Passwords. Again.

  • Published: Wednesday, May 13, 2020

Passwords aren’t going away. Are your passwords strong? Do you reuse your passwords on multiple sites? Do you change your passwords, making them completely different from previous ones?

Many data breaches result in leaked passwords being sold on the dark web. Cyber crooks will use this information to attempt to log into various sites and see what damage they can do to your credit and bank accounts. Using the same password on multiple sites could lead to a lucrative payload for the attacker.

Not all passwords are acquired this way. The cyber thief may also test his hacking skills by brute forcing his way into your accounts due to weak and guessable passwords.

Some of the easily guessable passwords include:

  • Easy-to-guess number combinations like 111111, 123456 or 121212
  • Password (and all combinations of the word) password1, [email protected]$$w0rd
  • Favorite sports, mascots or teams
  • Positive or happy words like sunshine, happiness, iloveyou

Passwords can become guessable by followers of social media. If you share too much information about your hobbies or favorites and then use that as a password, you are leaving the door open for hackers.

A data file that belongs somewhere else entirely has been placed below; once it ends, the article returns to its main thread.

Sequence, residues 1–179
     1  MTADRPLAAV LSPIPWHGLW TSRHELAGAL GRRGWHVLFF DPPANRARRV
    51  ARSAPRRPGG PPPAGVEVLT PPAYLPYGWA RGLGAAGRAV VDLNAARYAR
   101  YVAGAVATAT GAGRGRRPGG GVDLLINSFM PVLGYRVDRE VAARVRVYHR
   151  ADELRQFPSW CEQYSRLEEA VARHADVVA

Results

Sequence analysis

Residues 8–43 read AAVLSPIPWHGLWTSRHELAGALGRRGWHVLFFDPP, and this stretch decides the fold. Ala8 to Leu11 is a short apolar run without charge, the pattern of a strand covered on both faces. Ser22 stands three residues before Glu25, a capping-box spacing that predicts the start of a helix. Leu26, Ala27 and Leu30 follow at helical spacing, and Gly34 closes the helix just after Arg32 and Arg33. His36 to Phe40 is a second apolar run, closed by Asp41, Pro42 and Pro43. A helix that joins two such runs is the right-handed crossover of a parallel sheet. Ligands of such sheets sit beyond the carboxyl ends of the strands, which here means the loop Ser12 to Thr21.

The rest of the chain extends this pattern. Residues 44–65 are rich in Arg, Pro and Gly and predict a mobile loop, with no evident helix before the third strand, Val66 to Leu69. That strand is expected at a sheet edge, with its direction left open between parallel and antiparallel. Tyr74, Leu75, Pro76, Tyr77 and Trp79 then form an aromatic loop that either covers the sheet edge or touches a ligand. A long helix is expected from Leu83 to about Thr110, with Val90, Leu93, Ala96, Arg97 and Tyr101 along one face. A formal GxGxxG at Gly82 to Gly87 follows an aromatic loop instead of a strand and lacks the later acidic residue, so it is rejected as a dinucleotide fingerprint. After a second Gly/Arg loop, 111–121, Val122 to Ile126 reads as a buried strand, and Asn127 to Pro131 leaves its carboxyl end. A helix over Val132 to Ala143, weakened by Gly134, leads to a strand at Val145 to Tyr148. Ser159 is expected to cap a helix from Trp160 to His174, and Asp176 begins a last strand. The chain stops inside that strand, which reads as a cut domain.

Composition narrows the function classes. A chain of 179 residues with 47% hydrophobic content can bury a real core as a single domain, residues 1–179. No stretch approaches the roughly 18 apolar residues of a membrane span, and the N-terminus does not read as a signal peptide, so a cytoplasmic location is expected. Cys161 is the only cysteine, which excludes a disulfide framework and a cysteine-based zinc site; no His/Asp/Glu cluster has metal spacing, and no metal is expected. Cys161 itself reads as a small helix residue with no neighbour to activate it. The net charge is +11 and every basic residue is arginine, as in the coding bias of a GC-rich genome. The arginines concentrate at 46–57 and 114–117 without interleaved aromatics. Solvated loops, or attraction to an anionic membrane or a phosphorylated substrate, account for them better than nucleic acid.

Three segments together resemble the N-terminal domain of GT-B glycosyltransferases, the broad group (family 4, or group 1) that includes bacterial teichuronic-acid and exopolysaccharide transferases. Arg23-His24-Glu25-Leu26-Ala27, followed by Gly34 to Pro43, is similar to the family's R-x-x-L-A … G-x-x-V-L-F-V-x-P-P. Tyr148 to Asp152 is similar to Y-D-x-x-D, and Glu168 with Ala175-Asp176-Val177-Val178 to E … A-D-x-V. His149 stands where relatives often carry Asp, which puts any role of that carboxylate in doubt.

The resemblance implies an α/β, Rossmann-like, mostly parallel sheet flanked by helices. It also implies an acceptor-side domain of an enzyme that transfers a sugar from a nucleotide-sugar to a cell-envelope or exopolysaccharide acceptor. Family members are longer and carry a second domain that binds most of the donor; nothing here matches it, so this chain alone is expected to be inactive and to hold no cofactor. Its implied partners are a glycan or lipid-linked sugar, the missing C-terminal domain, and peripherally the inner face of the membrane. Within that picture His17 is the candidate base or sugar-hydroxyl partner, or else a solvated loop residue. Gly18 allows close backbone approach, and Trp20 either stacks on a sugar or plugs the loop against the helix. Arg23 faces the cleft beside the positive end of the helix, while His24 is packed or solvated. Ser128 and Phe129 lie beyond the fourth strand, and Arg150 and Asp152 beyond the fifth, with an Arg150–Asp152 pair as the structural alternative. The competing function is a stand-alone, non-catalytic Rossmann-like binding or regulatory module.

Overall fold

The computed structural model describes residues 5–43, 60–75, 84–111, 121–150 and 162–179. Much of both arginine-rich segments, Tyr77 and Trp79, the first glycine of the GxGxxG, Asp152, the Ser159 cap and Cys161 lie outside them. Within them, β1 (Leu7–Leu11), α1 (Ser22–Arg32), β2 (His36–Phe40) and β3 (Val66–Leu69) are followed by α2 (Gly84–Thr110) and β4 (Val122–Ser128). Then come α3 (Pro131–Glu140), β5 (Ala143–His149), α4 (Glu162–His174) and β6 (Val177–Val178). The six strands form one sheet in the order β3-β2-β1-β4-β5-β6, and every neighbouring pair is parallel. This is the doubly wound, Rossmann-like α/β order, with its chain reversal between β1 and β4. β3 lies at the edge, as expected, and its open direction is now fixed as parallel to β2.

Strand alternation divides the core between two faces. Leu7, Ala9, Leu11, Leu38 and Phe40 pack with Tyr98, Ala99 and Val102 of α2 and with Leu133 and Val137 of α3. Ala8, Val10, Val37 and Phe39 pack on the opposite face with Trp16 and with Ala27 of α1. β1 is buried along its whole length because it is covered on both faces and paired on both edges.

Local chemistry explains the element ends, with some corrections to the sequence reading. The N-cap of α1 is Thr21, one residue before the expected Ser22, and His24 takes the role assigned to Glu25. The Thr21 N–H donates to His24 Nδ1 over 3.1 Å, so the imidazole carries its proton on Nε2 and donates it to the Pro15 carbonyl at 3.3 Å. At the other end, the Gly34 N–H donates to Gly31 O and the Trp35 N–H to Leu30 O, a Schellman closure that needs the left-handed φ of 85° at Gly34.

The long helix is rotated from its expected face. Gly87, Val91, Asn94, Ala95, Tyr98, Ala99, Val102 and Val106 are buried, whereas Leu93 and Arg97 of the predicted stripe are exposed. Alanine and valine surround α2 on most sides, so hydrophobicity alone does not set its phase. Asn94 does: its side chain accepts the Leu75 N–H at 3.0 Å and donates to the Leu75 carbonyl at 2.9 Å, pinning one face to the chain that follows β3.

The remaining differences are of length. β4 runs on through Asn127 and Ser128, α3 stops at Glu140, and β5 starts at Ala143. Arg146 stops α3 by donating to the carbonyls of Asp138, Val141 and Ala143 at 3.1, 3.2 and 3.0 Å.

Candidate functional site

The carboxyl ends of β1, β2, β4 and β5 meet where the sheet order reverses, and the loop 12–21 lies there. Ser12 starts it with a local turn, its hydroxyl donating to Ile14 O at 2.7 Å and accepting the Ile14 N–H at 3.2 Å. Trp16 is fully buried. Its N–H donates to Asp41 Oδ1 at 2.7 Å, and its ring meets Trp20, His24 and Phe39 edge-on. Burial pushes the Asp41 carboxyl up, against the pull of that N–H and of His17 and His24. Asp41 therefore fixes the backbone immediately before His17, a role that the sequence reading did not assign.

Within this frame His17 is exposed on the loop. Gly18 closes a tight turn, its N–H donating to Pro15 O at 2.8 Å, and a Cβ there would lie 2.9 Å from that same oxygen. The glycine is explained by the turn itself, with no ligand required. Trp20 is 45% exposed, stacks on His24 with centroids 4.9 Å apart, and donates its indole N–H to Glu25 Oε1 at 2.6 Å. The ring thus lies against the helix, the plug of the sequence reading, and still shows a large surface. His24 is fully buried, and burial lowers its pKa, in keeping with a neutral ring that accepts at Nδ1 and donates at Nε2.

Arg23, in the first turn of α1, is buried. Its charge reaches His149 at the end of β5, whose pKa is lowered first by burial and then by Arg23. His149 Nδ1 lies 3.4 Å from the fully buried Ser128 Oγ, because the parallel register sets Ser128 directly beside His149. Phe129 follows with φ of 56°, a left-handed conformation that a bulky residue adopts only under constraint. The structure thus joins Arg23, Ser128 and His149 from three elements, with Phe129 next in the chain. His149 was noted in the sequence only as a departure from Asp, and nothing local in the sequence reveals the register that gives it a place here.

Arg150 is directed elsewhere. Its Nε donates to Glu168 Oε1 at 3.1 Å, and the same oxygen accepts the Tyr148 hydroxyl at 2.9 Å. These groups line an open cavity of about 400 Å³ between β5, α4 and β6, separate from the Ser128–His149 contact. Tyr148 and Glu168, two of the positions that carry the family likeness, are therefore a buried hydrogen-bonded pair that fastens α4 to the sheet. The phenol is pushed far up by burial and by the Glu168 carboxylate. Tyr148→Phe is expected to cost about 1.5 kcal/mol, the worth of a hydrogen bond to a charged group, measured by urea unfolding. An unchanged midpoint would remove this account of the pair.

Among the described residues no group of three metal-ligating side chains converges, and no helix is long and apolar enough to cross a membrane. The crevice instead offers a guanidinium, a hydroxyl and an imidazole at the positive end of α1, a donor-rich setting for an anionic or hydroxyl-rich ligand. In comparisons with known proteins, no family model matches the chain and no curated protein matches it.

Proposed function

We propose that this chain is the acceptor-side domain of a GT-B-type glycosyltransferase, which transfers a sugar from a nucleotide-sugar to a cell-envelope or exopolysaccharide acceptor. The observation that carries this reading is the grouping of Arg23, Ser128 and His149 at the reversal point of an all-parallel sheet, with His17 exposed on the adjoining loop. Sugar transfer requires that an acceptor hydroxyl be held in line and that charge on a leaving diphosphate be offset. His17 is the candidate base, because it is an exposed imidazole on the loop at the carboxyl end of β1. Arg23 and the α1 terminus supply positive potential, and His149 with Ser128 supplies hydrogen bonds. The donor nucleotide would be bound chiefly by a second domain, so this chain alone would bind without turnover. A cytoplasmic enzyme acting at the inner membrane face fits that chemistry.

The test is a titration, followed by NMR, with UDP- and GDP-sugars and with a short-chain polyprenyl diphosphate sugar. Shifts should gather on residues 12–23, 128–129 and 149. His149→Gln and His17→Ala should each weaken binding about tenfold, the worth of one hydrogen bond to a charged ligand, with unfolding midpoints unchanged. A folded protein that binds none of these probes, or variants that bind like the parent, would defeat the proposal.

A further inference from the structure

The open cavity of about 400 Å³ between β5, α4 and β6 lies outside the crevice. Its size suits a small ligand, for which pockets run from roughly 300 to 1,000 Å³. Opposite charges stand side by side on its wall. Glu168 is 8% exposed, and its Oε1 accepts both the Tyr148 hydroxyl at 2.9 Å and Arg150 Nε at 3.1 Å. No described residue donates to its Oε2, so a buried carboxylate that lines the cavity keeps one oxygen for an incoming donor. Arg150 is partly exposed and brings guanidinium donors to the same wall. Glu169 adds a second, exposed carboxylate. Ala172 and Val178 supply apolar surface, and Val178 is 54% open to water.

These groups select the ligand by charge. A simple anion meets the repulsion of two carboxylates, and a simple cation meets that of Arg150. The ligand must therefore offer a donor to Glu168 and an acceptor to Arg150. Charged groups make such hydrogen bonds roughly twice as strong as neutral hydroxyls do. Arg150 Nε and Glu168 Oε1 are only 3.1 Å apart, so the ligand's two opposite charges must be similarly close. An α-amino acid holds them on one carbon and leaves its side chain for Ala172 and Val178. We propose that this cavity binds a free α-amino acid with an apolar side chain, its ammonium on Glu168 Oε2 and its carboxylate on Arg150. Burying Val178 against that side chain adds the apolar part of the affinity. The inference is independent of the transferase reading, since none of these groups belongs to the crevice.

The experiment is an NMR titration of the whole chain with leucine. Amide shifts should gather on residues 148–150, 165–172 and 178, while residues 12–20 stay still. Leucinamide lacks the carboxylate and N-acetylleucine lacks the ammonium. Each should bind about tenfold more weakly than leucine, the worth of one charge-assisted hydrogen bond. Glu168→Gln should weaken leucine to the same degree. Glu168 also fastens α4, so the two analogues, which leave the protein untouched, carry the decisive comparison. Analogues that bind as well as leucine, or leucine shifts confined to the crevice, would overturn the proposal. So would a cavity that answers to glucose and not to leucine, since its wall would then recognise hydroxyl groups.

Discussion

Users have so many accounts that password security tends to cause poor habits resulting in password fatigue.

What are some ways that you can protect yourself?

  • Use a passphrase.
    • Passphrases can be a line from a poem or book or a random phrase. “Take a walk in the woods.” is long and not very guessable.
  • Long and strong
    • The longer your passphrase, the better. Include punctuation and numbers to add complexity. “Take 1 walk in the w00ds!”
  • Use a different password for each application or site.
    • If your password is leaked, you will only have to change your password on one site while the others are still protected.
  • Use a password manager.
    • It is easy to store all your passwords in a password manager that you can install on your phone and/or other devices. You only need to remember the master key to access all of your passwords. Many password managers have free versions. Best Password Managers of 2020

As single forms of authentication, passwords alone are not secure enough. Using additional forms of authentication can make your account access more formidable.

  • Two-factor authentication (2FA)
    • The use of an additional security measure to access your critical information is an added deterrent. What you know (PIN), what you have (a card), what you are (fingerprint).
  • Multi-factor authentication (MFA)
    • All 2FA is MFA but not all MFA is 2FA. Huh? MFA may include a third, fourth or even fifth form of authentication. This level of security is not used very often but may be seen in instances where the data is highly sensitive.
  • Security questions
    • Security questions are considered a form of MFA but are the least secure of the “what you know” category... Unless you supply a false response to the question. If the question is “What was your first car?” you might respond with “Formula One.” Wrong answers might be difficult to remember, but you can always store that information in your password manager.